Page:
The launch of Threads is a significant risk to Twitter, so the company chose to take legal action not long after the launch. It gained a lot of momentum in its early days, leading Musk’s X Corp to launch proceedings against Meta over the Twitter clone.

In the lawsuit, X Corp claimed that Meta poached ex-Twitter employees and engaged in “systematic, willful, and unlawful misappropriation of Twitter’s trade secrets and other intellectual property.”[2]

Though Meta says the claims are baseless, Musk could be starting legal troubles to create barriers in Meta’s development process for Threads. It hasn’t worked, but there are legal complexities that may prove challenging for Meta in the future.

Threads Reaches 100 Million Users

By July 10, Threads became the fastest-growing app of all time. The anticipated Twitter alternative hit 30 million sign-ups within 24 hours of its release, then grew to 50 million just a few hours later. After two days, the app his 70 million users.

Then Threads crossed the 100 million sign-up marker, which made it the fastest app to hit 100 million members. This beat out ChatGPT, which hit the market running and reached 100 million users in two months. Part of the rapid growth for Threads has been its connection to Instagram that created a seamless sign-up and migration process.

Picture 2 1Source: Quiver Quantitative

Reddit Announces Removal of Reddit Gold In-App Rewards System

Reddit continued to clash with users throughout the month, primarily among the moderation teams and content management. The use of volunteer mods for subreddits blurs the lines between users and hosts, which meant the platform was more beholden to its users than others.

In addition to increasing the price on the API access, Reddit announced the end of the popular Reddit Gold offering, which allowed users to acknowledge each other’s work with in-app currency. This was part of the Reddit Premium subscription program and granted subscribers 700 Reddit coins each month.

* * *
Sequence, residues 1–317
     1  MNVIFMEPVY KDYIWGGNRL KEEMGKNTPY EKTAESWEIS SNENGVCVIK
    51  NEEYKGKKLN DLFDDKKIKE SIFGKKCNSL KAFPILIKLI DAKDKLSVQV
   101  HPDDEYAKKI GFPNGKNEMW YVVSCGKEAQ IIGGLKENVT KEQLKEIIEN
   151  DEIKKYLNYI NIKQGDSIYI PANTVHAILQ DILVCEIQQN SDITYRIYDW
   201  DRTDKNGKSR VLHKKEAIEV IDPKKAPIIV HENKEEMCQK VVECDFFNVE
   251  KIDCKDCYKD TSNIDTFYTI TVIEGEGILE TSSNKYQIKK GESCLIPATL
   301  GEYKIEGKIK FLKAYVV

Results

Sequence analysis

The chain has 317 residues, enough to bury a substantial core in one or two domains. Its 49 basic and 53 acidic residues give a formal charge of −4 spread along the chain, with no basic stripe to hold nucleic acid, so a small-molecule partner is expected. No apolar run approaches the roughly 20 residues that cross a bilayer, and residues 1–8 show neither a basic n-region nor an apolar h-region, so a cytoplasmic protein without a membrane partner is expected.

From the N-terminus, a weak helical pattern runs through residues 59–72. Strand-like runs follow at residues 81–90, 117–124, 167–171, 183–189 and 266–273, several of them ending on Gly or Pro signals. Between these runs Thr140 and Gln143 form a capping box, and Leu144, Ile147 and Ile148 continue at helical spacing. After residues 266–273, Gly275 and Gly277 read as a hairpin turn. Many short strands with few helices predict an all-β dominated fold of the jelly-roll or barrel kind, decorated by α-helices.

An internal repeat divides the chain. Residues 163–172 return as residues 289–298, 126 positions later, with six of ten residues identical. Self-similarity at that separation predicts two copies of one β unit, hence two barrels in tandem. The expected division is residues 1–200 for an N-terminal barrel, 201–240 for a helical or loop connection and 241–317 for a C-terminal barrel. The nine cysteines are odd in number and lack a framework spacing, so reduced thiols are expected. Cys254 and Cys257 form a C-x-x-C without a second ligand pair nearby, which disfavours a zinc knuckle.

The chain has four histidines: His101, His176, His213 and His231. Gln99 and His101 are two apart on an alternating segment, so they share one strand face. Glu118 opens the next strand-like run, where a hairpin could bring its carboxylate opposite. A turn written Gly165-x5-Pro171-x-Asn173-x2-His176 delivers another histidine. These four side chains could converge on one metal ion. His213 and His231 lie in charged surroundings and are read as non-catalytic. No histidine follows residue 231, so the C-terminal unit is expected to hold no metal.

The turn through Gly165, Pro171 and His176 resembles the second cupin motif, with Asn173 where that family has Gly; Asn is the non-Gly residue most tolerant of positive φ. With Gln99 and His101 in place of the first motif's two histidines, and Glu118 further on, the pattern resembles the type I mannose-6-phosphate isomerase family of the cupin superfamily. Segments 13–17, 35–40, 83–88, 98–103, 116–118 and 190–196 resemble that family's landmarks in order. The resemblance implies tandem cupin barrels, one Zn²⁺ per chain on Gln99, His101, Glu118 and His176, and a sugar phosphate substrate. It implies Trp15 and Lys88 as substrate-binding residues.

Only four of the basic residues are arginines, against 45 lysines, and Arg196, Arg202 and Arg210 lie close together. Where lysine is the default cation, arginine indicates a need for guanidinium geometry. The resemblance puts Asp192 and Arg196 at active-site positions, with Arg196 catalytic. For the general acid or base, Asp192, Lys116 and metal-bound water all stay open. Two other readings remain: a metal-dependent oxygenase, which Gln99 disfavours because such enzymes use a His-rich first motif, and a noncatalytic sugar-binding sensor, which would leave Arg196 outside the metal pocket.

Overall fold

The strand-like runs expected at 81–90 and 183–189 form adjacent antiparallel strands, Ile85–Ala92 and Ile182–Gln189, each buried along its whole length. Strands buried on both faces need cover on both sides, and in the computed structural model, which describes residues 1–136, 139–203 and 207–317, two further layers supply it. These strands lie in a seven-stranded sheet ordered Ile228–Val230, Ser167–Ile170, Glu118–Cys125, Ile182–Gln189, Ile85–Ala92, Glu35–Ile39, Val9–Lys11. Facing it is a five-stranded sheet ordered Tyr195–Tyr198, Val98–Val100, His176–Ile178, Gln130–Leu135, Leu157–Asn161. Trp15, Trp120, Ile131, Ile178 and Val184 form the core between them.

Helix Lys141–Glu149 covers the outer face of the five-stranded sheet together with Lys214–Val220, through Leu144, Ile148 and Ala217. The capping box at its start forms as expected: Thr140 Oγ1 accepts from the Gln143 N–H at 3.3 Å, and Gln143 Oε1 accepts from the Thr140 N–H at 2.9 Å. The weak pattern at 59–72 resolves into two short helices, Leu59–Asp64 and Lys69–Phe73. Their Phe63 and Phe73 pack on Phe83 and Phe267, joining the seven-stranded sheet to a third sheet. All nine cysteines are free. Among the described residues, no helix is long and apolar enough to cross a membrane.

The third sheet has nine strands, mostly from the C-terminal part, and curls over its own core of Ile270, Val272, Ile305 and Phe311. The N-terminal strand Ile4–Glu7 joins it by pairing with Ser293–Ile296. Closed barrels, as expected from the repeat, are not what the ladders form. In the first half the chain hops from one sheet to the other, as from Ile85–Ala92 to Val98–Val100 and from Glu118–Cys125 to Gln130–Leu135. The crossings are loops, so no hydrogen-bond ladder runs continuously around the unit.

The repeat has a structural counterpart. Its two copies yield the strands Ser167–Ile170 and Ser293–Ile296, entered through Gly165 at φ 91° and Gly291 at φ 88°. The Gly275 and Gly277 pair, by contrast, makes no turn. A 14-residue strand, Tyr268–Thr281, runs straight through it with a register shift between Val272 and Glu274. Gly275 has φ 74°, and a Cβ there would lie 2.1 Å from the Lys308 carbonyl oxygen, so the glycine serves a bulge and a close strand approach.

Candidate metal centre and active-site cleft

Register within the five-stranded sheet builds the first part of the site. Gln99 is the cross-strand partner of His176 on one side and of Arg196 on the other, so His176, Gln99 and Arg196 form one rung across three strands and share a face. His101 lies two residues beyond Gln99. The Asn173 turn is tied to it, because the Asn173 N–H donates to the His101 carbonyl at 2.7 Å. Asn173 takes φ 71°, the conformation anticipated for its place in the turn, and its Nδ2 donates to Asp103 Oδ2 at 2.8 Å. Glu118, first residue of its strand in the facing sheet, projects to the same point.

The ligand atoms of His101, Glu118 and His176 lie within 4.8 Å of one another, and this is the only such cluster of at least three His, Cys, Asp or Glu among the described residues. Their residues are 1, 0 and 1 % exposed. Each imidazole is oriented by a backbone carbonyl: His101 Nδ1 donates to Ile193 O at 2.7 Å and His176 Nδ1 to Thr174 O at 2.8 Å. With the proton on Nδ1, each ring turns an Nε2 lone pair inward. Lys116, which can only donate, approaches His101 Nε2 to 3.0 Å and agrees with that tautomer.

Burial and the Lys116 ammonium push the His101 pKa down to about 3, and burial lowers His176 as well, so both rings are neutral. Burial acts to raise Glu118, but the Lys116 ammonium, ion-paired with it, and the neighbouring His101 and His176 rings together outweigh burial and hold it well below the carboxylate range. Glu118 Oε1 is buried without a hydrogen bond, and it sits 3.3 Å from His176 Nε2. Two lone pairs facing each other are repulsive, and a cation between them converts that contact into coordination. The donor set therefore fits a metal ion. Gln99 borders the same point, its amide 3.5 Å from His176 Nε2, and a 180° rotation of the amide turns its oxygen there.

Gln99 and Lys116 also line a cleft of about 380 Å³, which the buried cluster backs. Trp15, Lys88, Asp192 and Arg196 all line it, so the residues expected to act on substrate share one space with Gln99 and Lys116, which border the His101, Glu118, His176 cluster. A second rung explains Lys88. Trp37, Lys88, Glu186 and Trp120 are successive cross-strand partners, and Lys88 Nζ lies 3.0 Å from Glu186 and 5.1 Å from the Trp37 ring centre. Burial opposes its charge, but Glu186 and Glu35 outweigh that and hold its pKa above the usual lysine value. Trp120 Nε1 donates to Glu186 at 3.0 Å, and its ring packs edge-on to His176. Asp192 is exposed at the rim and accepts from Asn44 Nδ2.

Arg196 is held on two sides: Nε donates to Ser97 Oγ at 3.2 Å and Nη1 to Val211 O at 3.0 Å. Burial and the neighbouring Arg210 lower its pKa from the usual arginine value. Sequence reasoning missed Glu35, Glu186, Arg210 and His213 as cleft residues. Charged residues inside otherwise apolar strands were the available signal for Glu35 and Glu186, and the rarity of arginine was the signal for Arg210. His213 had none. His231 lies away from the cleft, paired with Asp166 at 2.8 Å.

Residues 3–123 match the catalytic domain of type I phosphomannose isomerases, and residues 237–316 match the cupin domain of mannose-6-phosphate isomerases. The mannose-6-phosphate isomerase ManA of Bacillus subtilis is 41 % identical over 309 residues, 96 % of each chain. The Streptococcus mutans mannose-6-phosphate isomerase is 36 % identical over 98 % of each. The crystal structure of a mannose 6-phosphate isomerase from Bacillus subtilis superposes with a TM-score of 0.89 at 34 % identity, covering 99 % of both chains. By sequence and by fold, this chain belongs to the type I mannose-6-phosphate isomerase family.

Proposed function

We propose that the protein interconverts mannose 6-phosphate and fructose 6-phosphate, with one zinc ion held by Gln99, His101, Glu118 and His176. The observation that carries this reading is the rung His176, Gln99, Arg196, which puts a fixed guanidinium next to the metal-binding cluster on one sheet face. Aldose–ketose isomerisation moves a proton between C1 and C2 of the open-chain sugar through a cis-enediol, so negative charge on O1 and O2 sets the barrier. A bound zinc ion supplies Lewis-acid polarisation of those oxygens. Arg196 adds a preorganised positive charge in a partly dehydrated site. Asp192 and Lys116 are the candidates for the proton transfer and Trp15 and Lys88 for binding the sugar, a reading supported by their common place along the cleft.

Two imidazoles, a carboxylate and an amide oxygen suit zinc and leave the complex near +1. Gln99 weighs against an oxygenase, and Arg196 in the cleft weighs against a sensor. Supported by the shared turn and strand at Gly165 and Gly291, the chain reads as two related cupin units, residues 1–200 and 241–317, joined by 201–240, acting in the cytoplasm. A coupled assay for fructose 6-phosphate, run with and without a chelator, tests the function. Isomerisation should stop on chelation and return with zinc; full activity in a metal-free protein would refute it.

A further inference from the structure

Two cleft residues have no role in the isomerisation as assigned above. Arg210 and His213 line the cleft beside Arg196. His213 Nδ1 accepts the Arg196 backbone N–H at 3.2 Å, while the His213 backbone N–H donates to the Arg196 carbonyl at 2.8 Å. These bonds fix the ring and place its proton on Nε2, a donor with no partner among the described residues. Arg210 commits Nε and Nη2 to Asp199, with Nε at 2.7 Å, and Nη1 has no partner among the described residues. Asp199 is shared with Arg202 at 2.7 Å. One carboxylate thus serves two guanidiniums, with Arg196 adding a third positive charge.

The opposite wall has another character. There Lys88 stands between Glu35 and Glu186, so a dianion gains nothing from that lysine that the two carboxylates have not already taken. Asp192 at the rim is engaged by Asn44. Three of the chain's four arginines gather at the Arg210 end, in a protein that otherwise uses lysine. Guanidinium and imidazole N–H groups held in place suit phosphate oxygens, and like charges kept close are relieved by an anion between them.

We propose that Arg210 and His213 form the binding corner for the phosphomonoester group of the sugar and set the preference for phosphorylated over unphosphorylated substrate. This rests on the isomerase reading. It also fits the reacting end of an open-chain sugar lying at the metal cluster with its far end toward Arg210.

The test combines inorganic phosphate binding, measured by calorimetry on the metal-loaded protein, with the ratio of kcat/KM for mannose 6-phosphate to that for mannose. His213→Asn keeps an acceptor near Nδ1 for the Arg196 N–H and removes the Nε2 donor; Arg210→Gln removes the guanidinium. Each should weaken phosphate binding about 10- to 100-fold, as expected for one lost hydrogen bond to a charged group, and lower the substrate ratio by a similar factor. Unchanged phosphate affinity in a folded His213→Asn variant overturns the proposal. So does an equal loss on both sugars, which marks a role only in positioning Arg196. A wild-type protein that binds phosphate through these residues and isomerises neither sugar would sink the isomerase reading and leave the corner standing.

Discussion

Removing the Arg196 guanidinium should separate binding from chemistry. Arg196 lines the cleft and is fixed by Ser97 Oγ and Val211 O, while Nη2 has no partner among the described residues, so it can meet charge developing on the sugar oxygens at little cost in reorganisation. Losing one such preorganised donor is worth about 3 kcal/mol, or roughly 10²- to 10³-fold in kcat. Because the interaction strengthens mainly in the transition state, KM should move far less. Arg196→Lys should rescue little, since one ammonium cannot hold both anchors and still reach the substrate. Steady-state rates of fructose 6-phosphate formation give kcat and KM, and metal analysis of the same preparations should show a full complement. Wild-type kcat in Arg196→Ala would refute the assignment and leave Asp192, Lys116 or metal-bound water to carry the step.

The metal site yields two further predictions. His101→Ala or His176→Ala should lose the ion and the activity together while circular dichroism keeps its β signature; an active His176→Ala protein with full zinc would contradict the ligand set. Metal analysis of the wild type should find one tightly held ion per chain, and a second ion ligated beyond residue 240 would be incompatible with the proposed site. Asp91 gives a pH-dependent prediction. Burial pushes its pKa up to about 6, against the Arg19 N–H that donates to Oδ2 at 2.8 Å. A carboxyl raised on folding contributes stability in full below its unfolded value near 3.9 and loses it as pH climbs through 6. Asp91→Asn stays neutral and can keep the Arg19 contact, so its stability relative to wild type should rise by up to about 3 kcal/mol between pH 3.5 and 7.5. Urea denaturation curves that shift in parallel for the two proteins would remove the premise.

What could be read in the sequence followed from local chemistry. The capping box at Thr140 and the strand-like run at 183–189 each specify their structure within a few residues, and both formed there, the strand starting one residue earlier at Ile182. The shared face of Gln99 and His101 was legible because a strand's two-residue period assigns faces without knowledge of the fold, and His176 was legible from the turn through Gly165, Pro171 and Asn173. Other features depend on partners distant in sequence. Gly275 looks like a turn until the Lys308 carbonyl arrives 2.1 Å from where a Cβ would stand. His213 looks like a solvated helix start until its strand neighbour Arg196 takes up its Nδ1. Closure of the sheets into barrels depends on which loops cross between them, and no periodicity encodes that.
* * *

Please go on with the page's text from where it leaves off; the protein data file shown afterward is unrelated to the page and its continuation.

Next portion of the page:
Though these coins couldn’t be exchanged for actual currency – or much of anything else – they were a big part of the Reddit ecosystem. In exchange, Reddit is preparing to introduce another form of acknowledgement with an in-app coin that offers more utility, but it’s been a bone of contention among users in the interim.

Meta Shares New Insights into the Core Drivers of Business Decisions

Meta is clashing with a lot of parties lately, including governments, other social media companies, and some users. It’s still focused on the broader mission, however, which involves becoming a “force for good.”

The new report from Meta includes a lot of details about creating a positive impact on society, including upcoming projects and the initiatives that are designed to improve society. According to Meta, there’s a four-pillar framework for the efforts:

Picture 3 1Source: Meta

Meta Establishes New Partnership to Bring Roblox to Quest VR

One of the important inspirations for Meta’s version of the Metaverse is the ways that the younger generations interact, including engaging with family and friends online. Online worlds like Roblox, Minecraft, and Fortnite are becoming the new playground and hangout.

Parents may not be pleased with concerns over too much social media and screen time, which Meta only made more exciting. In July, Meta announced that Roblox partnership would happen to assist gamers and make the VR gaming world more popular and lucrative. The Metaverse is still a good decade away, but these partnerships are building the hype.

Reddit Published New Holiday Campaign Guide

Reddit published a new guide to holiday campaign planning in the app, which provides insights into key product categories, behavioral trends, and marketing tips. Despite the issues Reddit is having with its moderators, the platform is still an important tool for consumers to get insights into products before purchasing – representing opportunities for brands to cash in.

Picture 4Source: Reddit

Snapchat Rises to 397M Users and More Active Advertisers in Q2

Snapchat published its Q2 23 Performance Report, which shows an increase in users and some other promising insights. In addition to adding 14 million daily active users (DAU) in Q2 – bringing the total to 397 million DAU overall. The growth is primarily in the developing markets, including India.

Despite this, Snap isn’t going to see immediate revenue benefits. The revenue isn’t growing at the same rate as the user base, but the app is seeing some recovery in its ad business with a decrease of 4% year-over-year and an increase of 8% quarter-over-quarter.

Mid-Summer Insights

Most of July’s social media and influencer news involves the feud between Meta and X Corp and the changes on their respective platforms. There are some important developments to prepare for holiday campaigns, however, such as the growing user base of Snap and Reddit’s consumer insights.


[1] https://www.youtube.com/watch?v=iEGiwsALvSI

[2] https://www.semafor.com/article/07/06/2023/twitter-is-threatening-to-sue-meta-over-threads